March 18, 2012

The hidden danger behind index funds

When buying a fund to invest your money in for a profit, you can buy an index fund or choose the more risky managed fund:
  • The index fund follows the underlying index no matter what. If S&P 500 increases with 5 percent, the index fund increases with 5 percent. 
  • You can also pay someone to choose stocks for you in a fund that may increase more compared to the index fund. If you invested in a fund where someone like Peter Lynch is the one who is choosing the stocks, you probably made a lot of money from it, but that is often not the case. Most managed funds have poor performance, sometimes they are actually worse than the index fund. 

Many people have lost their faith in their fund managers - they don't think the fund managers are worth the money they cost when the performance of the fund is poor. So, the amount of money invested in index funds around the world is increasing each day. This is however not something good if you believe in index funds.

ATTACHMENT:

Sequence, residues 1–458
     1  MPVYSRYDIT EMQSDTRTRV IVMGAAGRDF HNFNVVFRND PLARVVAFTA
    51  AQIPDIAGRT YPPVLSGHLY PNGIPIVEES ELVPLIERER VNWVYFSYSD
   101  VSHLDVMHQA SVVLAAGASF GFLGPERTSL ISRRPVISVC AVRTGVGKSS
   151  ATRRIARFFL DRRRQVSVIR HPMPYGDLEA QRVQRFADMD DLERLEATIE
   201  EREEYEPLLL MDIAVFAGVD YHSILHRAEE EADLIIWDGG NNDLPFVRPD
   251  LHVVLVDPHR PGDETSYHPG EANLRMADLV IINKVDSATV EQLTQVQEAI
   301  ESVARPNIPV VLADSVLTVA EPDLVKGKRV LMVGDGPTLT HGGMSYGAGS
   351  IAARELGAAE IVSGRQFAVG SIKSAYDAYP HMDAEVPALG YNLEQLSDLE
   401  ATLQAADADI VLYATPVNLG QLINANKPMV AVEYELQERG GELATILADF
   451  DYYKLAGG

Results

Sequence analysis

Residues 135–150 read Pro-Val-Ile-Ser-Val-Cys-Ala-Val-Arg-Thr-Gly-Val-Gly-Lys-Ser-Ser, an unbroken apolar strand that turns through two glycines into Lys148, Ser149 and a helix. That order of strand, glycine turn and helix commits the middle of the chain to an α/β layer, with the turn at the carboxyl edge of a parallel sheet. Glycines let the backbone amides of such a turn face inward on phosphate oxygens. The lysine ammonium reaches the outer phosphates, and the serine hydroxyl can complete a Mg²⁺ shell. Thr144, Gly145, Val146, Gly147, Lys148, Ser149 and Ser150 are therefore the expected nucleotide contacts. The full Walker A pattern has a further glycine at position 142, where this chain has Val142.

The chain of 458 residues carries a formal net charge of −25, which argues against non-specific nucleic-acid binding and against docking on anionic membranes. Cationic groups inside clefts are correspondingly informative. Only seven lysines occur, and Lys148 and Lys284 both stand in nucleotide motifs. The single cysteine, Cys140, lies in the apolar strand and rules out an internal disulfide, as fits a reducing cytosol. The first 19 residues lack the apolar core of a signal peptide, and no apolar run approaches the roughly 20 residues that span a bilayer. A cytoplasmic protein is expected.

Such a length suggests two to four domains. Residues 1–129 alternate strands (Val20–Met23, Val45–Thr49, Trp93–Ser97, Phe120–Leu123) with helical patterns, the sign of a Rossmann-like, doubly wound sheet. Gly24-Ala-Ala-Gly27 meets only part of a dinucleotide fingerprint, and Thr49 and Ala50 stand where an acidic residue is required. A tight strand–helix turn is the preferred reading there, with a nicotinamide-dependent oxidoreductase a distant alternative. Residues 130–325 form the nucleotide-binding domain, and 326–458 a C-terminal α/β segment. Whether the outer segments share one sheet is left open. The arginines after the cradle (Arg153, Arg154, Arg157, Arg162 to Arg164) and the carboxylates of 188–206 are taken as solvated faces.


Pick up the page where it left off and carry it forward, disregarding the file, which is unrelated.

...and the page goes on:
The problem when the amount of money in index funds is increasing is that the underlying index is being affected by the money invested in it. If you invest in an index fund, the fund invests in the underlying index with your money. More than $1 trillion is currently invested in index funds. With so much money, some index funds have stopped to following the underlying index - the index funds have become the index.

Source: The Psy-Fi blog

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